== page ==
Goal: Design a boost converter that gives 170VDC at 0.15A from a 12VDC supply.
Adafruit has a nice boost converter calculator, assuming you're using the simple single-inductor version. To power my boost converter, I'd like to use a 12VDC wall adapter. I don't know, but suspect that the output voltage of the adapter will drop under load, so I'm just going to go ahead and specify a minimum input voltage of 8VDC. Min and max output voltage are 170VDC, output current is 0.15A, I'll specify an output ripple voltage of 2V, and a switching frequency of 150kHz. I hate low-frequency converters with their whining. Shut up already, converter!
This gives me a required inductance of at least 17.5uH capable of handling 4.25A. Also a duty cycle (switch on-time to total time) of 0.953. This rules out the popular MC36033, which has a max duty cycle of 0.857.
TL;DR: After the design procedure, here's what I ended up with:
The LM3478 datasheet provides a nice series of design procedures for various converter topologies. Here's the one for the boost converter:
First, choose a switching frequency between 100kHz and 1MHz. I chose 150kHz because I wanted it to be above the minimum, but not so fast that all my components had to be super-fast.
Next, compute the duty cycle, D. We got this from the Adafruit calculator, 0.953. Also convenient is the inverse duty cycle (proportion of off-time to total period), D' = 1 - D.
Note that the converter will adjust the duty cycle based on the output voltage and switch current, so this is only a value for calculation.
Compute the minimum inductance required. Again, this is from the Adafruit calculator, but here is the formula:
So with a maximum input voltage of 12V, and an output current of 0.15A, I get L > 12uH. Note that the Adafruit calculator (correctly, in my opinion) uses the lowest of two possible duty cycle based on the minimum input and output voltage, because this will result in the highest minimum inductance. In any case, I chose L = 22uH as a convenient value.
Maximum inductor current
Compute the maximum current flowing through the inductor. Again, Adafruit gives this as 4.25A, but the formula is:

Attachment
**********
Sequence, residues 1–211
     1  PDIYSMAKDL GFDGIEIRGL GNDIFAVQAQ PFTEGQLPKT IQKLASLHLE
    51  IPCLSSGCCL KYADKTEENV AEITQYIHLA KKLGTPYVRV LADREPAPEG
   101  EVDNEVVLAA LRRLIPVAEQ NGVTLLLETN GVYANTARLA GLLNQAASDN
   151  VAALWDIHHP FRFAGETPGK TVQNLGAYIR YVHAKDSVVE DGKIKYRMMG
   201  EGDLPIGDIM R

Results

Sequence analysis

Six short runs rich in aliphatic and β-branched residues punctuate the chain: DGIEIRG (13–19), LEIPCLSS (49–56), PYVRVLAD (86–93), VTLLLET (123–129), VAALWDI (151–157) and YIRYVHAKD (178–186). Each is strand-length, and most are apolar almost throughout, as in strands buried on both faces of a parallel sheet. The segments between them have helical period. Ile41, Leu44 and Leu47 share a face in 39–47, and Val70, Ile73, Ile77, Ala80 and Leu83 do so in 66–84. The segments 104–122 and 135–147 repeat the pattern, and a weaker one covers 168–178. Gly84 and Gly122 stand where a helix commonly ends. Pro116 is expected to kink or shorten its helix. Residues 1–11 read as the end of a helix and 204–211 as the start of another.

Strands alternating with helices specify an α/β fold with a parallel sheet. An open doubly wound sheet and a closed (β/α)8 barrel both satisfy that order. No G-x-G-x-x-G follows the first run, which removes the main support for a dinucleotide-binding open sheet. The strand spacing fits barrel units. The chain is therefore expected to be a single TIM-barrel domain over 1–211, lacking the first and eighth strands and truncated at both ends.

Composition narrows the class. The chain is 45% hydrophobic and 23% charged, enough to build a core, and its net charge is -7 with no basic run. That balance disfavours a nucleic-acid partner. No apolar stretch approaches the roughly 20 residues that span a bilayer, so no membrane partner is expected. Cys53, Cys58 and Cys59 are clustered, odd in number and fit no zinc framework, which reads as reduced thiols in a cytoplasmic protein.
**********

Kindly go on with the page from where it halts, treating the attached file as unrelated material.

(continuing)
And so I get a current of 4.92A. Again, Adafruit correctly is using the D based on the maximum input voltage, but I'm using a higher value for extra safety margin.
So based on the inductance and current, I can choose an inductor that can handle this current. Thus, I chose the Bourns 2105-H-RC, capable of 7A.
Frequency adjust resistor
The LM3478 uses this formula:
With my chosen frequency of 150kHz, I get 135.4k. I chose a 133k 1% resistor which slightly increase the frequency to 152kHz. I'll keep using 150kHz in the calculations as it doesn't matter much.
Current sense resistors
One of these is the resistor that goes between the switch and ground. This resistor protects the circuit against overload currents. We use the maximum inductor current from above, plus an additional 20% margin, to set the overload threshold:
And so I get a sense resistor of 0.014 ohms. I chose a standard resistor of 0.015 ohms (Stackpole BR3FB15L0). With that resistor, the current limit would be 5.52A, well within the maximum required 4.92A and the 7A spec for the inductor.
There is a second resistor which goes between the current sense pin of the converter and the current sense resistor. The datasheet recommends adding this resistor when the duty cycle is above 50% to prevent sub-harmonic oscillations (that is, oscillations lower than the switching frequency) caused by instability in the loop. No whiny converters!
We first calculate the maximum sense resistor for current mode loop stability (loop stability is always a good thing):
I get a maximum sense resistance of 0.004 ohms. Our chosen sense resistor is bigger than this by a factor of 3.75, so we need to add that second "slope compensation" resistor:
This yields 6.325k as the minimum slope compensation resistor.
The problem is that addition of this resistor modifies the current limit:
We must now change both the sense resistor and the slope compensation resistor so that the current limit is sane and the slope compensation resistor is above the minimum. Doing so (without going through the math) shows that it is not possible to pick a reasonable sense resistor while still maintaining a good current limit.
The cause of this is the insanely low maximum sense resistance from above. There are two ways to raise that maximum sense resistance: raise the frequency, or raise the inductance. Doing that also has a knock-on effect of lowering the inductor current. So this is really a good thing.
Thus, instead of a maximum sense resistance of 0.004 ohms, let's get this above 0.015 ohms so we can use the nice current sense resistor I found. This means raising the frequency (or the inductance) by at least a factor of 3.75. Since I kinda like the inductor I chose, let's raise the frequency from 150kHz to 600kHz and try again.